The development of women’s rights in Switzerland

February 7, 1971

In a referendum, male citizens say yes to women’s right to vote and stand for election

The first federal elections in which women participated were held in October of that year. They achieve 10 seats out of 200 in the National Council, 1 in 46 in the Council of States.

January 1, 1978

Women are given custody of their children

The entry into force of the new child’s right improves the status of mothers. Married parents jointly exercise custody – formerly called paternal power – over their children. If they are not married, it is now the mother who has custody.

June 1, 1979

Opening of the first house for abused women in Zurich

This place offers protection against domestic violence, counseling and support for women and their children.

June 14, 1981

Equality between women and men is part of the federal constitution

The people and the cantons approve the incorporation of the principle of equal rights into the Constitution. It is said in art. 8 pcs. 3: “Man and woman have equal rights. The law ensures equality in legislation and in fact, especially in the areas of family, education and work. Men and women are entitled to equal pay for work of equal value.

February 12, 1982

Court rulings reject stricter entry requirements for girls in education

The Federal Court believes that it is illegal to practice discrimination between boys and girls when enrolling in a high school education. He thus gives rise to the parents of several young girls educated in the canton of Vaud, who had filed suit to terminate the conditions of admission to college, which are stricter for girls than for boys.

October 1, 1984

The radical Elisabeth Kopp from Zurich is the first woman elected to the Federal Council

During her time as head of the Ministry of Justice and Police, she dealt mainly with asylum policy and worked to improve the status of women. Her career as a federal councilor ended prematurely in 1988 after a scandal: Elisabeth Kopp had called her husband to urge him to resign from the board of a company suspected of money laundering.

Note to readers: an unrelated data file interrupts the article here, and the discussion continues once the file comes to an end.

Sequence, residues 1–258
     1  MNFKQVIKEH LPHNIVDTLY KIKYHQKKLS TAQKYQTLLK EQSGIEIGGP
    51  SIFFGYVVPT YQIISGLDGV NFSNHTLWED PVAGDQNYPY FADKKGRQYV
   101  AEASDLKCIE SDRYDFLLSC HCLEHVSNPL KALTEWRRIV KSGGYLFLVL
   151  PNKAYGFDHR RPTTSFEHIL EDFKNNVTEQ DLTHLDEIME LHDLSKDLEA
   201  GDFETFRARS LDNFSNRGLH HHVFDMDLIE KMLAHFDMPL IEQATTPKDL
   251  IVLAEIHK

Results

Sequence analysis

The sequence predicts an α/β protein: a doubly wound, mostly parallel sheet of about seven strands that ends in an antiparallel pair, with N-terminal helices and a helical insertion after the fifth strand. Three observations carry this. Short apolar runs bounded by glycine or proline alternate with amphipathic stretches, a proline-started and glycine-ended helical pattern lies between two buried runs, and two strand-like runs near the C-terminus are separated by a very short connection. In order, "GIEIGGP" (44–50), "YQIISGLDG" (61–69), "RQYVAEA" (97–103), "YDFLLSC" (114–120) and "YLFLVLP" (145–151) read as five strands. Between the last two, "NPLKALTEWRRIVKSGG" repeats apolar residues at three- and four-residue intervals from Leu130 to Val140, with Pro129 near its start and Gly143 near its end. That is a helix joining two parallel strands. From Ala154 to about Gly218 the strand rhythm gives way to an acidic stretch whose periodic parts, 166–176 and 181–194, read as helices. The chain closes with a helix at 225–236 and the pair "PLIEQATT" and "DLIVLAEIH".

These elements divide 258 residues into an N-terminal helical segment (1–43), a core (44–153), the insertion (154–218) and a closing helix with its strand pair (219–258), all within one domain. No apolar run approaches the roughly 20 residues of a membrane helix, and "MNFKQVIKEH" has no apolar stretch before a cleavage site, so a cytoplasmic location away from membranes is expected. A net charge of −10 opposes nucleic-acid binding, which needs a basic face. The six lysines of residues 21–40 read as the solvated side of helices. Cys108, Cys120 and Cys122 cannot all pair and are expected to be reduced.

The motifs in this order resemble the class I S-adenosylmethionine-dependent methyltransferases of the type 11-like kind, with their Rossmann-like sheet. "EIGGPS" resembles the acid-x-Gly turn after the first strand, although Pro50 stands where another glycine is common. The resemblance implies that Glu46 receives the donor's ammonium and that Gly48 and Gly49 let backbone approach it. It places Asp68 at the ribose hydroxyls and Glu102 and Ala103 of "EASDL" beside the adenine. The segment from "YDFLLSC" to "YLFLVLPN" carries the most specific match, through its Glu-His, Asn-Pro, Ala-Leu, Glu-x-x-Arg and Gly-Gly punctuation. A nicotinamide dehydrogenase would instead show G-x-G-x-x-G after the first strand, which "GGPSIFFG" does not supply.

September 1, 1988

Establishment of the Federal Office for Gender Equality

This new body, set up by the Federal Council, has a mandate to encourage “the achievement of gender equality in all areas” and to eliminate “all forms of direct or indirect discrimination”. During the following years, other equality offices were established in several cantons.

January 1, 1988

In the revision of the marriage law, the provision that the man is the head of the family and the woman responsible for domestic duties disappears. Women can now open a bank account or perform a paid activity without the consent of their husbands.

November 27, 1990

Introduction of voting rights with forceps in the last canton

The Federal Court interprets Appenzell Innerrhoden’s constitution in favor of women’s political rights and orders the refractory canton to introduce the right to vote and stand for election for women.

June 14, 1991

National Women’s Strike

The constitutional clause on equal rights between women and men is 10 years old, but it is not applied. Under the slogan “Women with folded arms, the country is losing its footing”, half a million women take to the streets to demand maternity insurance, parental leave, childcare places, an education without sexism or even a better division of labor.

January 1, 1992

New nationality law allows women to keep their Swiss passports when marrying a foreigner